Until the early 2000s, fantasy leagues were one of the most popular ways for diehard fans to build out their own rosters and see how they stacked up against other dream teams. Whether playing with a pool of friends or opting into a larger sponsored league, the emphasis was on stats and a few gut feelings.
Today’s fantasy sports sector is almost unrecognizable from these early formats. While many traditional leagues remain the same, many are hosted exclusively online. Additionally, some fans prefer DFS or daily fantasy sports contests over leagues that run for the full season.
DFS is a shortened version of traditional sports betting, with contests concluding in a single day or week. It became popular as groups like FanDuel sportsbook started covering various contests. Though the brand now offers more than DFS, it remains one of the most popular platforms for US fantasy bettors.
But even the most experienced traditional fantasy leaguer will need a bit of time to learn how DFS contests work. In addition to unfamiliar rules and formats, DFS players also need to learn a bit of vocab. New to DFS? Keep reading for an overview of the most common contests and the conditions attached.
Cash Games vs. GPP
The two primary types of DFS contests are cash games and GPP. Cash games are contests where around half the participants walk away with prize money, which is distributed to all winners equally regardless of individual scores. GPP, on the other hand, covers contests where only the few win—but they win big.
Cash games (sometimes called 50/50s) are typically better suited for newcomers, as the rules and formats are more basic. For example, a player will submit a single lineup for a contest and will feature a smaller pool of competitors. This makes it easier to learn the ropes and build out a strategy.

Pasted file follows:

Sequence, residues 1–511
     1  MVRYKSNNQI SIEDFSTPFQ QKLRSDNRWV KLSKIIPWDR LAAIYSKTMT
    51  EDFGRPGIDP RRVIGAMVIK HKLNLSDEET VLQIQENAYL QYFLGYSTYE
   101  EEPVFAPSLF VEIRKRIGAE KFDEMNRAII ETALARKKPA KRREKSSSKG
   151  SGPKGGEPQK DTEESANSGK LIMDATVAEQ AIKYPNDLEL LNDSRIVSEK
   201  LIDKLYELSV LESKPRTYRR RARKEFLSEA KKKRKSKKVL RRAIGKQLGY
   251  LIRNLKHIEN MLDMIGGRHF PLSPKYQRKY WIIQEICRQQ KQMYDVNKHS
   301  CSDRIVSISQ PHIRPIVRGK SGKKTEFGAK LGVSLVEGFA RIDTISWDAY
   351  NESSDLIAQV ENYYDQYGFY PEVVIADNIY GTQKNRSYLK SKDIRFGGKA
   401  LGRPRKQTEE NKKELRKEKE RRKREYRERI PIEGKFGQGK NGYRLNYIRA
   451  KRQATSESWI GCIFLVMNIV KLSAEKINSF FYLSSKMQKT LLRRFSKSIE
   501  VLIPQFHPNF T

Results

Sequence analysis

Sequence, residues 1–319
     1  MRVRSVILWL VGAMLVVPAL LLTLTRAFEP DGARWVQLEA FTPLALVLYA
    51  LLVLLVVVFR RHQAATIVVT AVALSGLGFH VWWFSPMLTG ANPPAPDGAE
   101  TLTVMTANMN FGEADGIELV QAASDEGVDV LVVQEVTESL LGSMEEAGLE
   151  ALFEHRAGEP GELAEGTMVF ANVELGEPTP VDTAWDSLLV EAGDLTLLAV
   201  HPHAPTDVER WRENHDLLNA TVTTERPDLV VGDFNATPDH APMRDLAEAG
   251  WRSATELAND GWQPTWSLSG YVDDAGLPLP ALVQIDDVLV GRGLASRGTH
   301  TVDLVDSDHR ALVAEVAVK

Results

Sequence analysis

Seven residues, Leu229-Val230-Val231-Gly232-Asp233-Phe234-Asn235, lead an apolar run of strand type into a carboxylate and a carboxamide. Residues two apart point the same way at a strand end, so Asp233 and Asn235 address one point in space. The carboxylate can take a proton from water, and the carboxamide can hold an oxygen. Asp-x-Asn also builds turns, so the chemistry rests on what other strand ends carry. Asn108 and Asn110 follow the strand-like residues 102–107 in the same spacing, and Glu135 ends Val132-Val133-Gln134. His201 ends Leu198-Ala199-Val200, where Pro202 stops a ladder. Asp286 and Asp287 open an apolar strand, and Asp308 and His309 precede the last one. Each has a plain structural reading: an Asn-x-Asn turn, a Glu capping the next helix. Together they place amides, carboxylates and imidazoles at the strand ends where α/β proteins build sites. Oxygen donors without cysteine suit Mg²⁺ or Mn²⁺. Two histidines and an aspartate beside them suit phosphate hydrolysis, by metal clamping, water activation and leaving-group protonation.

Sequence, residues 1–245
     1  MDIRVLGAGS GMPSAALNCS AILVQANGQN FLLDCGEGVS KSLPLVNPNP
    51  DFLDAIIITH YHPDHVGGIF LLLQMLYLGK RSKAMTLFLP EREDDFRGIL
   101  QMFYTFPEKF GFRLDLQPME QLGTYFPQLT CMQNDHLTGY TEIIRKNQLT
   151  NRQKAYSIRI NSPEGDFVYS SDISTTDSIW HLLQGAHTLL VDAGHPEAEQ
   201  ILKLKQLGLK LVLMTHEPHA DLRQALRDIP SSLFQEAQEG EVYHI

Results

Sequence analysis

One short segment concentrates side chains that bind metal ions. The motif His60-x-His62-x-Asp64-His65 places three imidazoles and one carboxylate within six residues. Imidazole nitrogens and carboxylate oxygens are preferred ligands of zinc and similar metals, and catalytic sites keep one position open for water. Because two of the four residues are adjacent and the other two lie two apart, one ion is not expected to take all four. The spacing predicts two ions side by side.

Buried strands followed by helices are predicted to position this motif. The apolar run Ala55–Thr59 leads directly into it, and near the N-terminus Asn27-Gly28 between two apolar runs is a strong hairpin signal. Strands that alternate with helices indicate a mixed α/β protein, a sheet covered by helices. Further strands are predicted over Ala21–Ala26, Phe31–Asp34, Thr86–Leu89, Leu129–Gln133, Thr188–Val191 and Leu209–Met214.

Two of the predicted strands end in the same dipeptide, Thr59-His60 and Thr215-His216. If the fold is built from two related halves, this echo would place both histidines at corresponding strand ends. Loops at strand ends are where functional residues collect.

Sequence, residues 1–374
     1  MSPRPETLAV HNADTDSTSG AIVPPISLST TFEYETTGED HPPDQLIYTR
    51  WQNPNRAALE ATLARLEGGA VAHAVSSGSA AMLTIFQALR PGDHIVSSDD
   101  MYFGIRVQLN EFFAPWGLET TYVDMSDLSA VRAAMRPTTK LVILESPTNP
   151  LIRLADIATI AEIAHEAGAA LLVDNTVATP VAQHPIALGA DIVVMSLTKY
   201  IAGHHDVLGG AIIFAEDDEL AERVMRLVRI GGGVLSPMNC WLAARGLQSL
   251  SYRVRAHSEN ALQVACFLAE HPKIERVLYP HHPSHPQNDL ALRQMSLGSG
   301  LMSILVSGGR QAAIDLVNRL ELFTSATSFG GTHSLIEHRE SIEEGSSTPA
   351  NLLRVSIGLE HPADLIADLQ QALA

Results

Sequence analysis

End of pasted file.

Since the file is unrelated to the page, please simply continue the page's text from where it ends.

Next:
There are variations in cash games, including EPE and H2H. These cover ‘experienced players excluded’ and ‘head-to-head’ contests, both of which will help a first-timer apply strategies and take notes on what works for them without facing veteran DFSers.
GPP, on the other hand, is best for intermediates looking to jump to a higher degree of play. GPPs include multiple entries (from a single player), tiered payout structures that consider total points, and larger pools that include more experienced players. The challenges are greater, as are payouts.
Aside from sifting through cash games and GPP contests, DFS players will also need to become acquainted with roster types. Those with a background in traditional fantasy leagues will be familiar with a full roster system, which requires all positions to be filled on a team and for a lineup to play multiple games in a given slate.
Single games (also called single game rosters), on the other hand, cover flex positions. Players are challenged to build out a roster with salary caps and other considerations—but those who can find wiggle room with their roster or points system can play whomever they like.
Given DFS contests are shortened and a bit more condensed, there are various terms unique to the sector. Keep reading for a few common DFS terms used across popular platforms.
- $/Point: the number of dollars each point will cost.
- Bankroll: the amount of money involved in DFS bets.
- Ceiling: the best possible outcome for a player stat.
- Correlation: a way to compare the strength of two variables to build out a probability (statistics).
- CV: aka the coefficient of variation, which is used to determine how consistent DFS players are.
- Exposure: the portion of bankroll spent on a player.
- Flex: lineup spot that can be used by multiple positions.
- Floor: worst possible outcome for a player stat (opposite of ceiling).
- Freeroll: a DFS contest with no entry cost but with cash prizes.
- Overlay: GPP contests with few players, which makes them more profitable.
- Rake: the commission DFS companies take from entry frees.
- Stack/stacking: pairing multiple players in the same game or team strategically.